A person wearing rubber gloves uses a spray bottle of disinfecting cleaner and a cloth to clean a toilet

How to Clean A Bathroom, Not Just Move the Germs Around

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Are you just moving germs around when you clean your bathroom, or are you really getting it clean? It’s not so much a matter of what product you’re using—no bathroom disinfectant can do it’s job properly if you don’t know how to clean a bathroom in the correct order.

Usually, we clean top to bottom to move debris down and then out of a room. But with bathrooms, we clean specific areas in a specific order to avoid spreading harmful germs. So, grab your favorite disinfectant and read on to learn how to do this task.

Outside In: Ceiling, Walls and Doors

Bathrooms can surprise you with how dusty they get, even on the ceilings and walls. It’s all that hair, dead skin cells, and makeup powder floating around. 

Grab an extension duster and tackle the ceiling, including the corners, then the light fixtures where dust loves to hide. Work down each wall and door, then run the duster over the baseboards. 

Scrub the Shower and Tub

Before tackling the shower and tub, clear out all those shampoo bottles and body washes. Give the walls and tub a good spray with your chosen cleaner. Don’t forget the shower head—spray and scrub it to remove any mineral buildup, then rinse everything well.

For a ring around the tub, a homemade soft scrub of hydrogen peroxide, baking soda, and a dash of dish soap works wonders. Apply, wait a bit to loosen the grime, then rinse. 

Lastly, buff glass doors with a damp dryer sheet to prevent water spots, or freshen up your shower curtain by washing it with towels in a warm, delicate cycle. Hang it to dry.

Shine the Sinks and Faucets

Start by clearing your counter, wiping every item as you set it aside. Then, dust off the counter with a dry cloth to remove any lint. 

Spray the sink, faucet and counters with a disinfectant cleaner, letting it sit as recommended to zap bacteria, then rinse. 

Tackle mineral buildup on faucets with a toothbrush and baking soda; for tougher spots, vinegar-soaked paper towels are your best friend. Remember to protect delicate counters with cling wrap. 

Pro Tip

Rub wax paper on chrome fixtures after cleaning to help repel water spots all week long.

Toilets: Behind, In and Out

Behind the toilet, spray your favorite cleaner then use a dish wand filled with water to scrub and rinse. Then pre-clean the toilet’s exterior with a dry microfiber cloth to remove grime so your disinfectant can work better. 

For the bowl, shut off the water valve, flush to empty, then apply cleaner. Scrub under the rim, along the sides, and into the drain, then turn the water back on and flush to rinse.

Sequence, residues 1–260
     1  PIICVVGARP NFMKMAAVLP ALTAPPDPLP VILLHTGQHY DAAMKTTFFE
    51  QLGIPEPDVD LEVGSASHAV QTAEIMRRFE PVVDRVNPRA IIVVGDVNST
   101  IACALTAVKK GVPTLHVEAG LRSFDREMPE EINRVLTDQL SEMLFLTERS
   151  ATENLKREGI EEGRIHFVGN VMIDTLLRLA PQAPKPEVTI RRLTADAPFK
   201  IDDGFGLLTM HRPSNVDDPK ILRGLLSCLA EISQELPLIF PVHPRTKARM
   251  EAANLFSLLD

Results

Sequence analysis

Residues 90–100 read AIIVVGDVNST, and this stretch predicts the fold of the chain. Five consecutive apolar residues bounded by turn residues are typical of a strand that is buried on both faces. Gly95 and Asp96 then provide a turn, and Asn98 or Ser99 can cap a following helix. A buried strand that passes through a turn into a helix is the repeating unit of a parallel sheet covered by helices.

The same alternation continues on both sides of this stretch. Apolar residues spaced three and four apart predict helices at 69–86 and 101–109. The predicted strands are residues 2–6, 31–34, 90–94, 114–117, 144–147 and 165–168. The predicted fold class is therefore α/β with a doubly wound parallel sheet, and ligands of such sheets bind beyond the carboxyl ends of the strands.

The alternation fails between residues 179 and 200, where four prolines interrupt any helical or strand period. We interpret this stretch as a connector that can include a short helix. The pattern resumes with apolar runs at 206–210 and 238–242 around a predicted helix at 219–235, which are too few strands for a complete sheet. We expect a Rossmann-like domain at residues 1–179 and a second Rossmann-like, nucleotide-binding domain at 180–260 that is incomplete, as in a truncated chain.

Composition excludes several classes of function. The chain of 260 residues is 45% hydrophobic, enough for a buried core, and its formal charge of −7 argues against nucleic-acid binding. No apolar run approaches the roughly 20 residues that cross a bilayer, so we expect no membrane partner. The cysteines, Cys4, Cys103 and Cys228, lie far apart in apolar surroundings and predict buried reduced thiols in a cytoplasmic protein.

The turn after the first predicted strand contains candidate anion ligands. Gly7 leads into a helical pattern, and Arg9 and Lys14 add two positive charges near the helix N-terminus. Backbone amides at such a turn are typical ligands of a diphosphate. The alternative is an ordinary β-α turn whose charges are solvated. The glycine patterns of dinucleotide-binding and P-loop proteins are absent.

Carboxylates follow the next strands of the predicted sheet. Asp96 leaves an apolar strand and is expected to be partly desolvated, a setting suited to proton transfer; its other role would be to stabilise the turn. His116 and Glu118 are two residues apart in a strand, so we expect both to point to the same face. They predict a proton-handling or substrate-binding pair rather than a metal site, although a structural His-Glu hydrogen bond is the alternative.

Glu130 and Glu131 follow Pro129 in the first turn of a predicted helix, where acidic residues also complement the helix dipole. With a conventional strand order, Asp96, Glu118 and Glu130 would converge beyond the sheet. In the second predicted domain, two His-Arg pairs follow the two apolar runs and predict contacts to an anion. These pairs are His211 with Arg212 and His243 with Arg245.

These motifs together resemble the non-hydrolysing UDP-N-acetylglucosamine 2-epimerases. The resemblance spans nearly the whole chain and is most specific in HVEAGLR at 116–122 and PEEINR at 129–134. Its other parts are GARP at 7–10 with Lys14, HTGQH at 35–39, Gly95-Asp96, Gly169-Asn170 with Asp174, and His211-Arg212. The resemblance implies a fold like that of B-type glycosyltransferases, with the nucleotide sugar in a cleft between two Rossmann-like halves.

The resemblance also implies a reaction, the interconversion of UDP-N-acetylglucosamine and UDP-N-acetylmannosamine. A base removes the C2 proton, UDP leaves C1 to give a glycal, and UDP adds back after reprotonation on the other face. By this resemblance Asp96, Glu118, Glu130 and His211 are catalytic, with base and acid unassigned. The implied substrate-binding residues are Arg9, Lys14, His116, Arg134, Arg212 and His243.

Now, spray disinfectant on the tank, lid, seat, and pedestal then rinse with clean, fresh cloths—use a different one for each area. Once a month, remove the seat to deep clean around the hinges and combat hidden grime.

Polish the Mirrors

To reduce streaks when cleaning mirrors, give them a quick dusting first. For tall mirrors, use a clean microfiber mop to extend your cleaning reach. Keep them fog-free by buffing them with shaving foam after cleaning. 

Floors: The Final Frontier

Always vacuum or sweep immediately before mopping to avoid leaving streaks. Then, start mopping around the toilet and work your way out.  

With a string mop, use an S-pattern to lift away grime without spreading it. For microfiber mops, a W-pattern covers larger areas while taking advantage of leverage to get up dirt. 

Clean Your Equipment ASAP

Don’t let your cleaning equipment sit there breeding bacteria after you’ve finished cleaning the bathroom. 

• Cleaning brushes and dish wand: Rinse the sponge end in hot water then soak it in disinfectant for several minutes, rinse again and let it air dry.

• Cleaning rags: Launder separately in hot water. Tumble dry for 45 minutes or line-dry in bright sunlight for added disinfection.

• Toilet brush: Add disinfectant to the clean bowl and soak the brush head for 5 minutes. Then flush to rinse and prop the handle under the seat so the brush drip dries over the bowl. 

• Mop heads: Detach and wash with the cleaning rags. Or rinse, soak in disinfectant, rinse again and let them air dry.

Quick Tips to Keep Your Bathroom Clean

  • Run your exhaust fan for 15 minutes after showering to prevent mold.
  • Hang up towels after every use, so they don’t develop mildew.
  • Make storing things easy so your countertops stay clear. Use an open basket to hold cosmetics or hair products so you can just sweep them inside and put them in the cabinet after use.
  • Go over your counters, faucets, and toilet seats daily with a disinfecting wipe

Now that you know how to clean a bathroom efficiently without spreading germs, put your knowledge to use with my weekly bathroom cleaning checklist.

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  1. Great tips..in the old days most Mom’s taught their kids how to clean properly and thd girls always had home Ecs class and learned from that…Seems now the Mom’s just clean , kids are too busy doin other stuff..expecting some one else to clean for them… keep up the good job of giving tips and teaching the skills needed

    1. Katie Berry says:

      I wish they’d bring Home Ec back as a required subject in school. We all need to know how to cook for ourselves and keep our homes clean.

    2. Home ec class still exists, it’s just optional. If we’re going to bring back home ec, it doesn’t just need to be for girls, it needs to be for everyone. We’ve gotta stop this thing where the bulk of household work falls on girls.

    3. Katie Berry says:

      I could not agree more: learning to run a home is something everyone should know!

  2. Excellent tips. Very helpful!

    1. Katie Berry says:

      Thank you!

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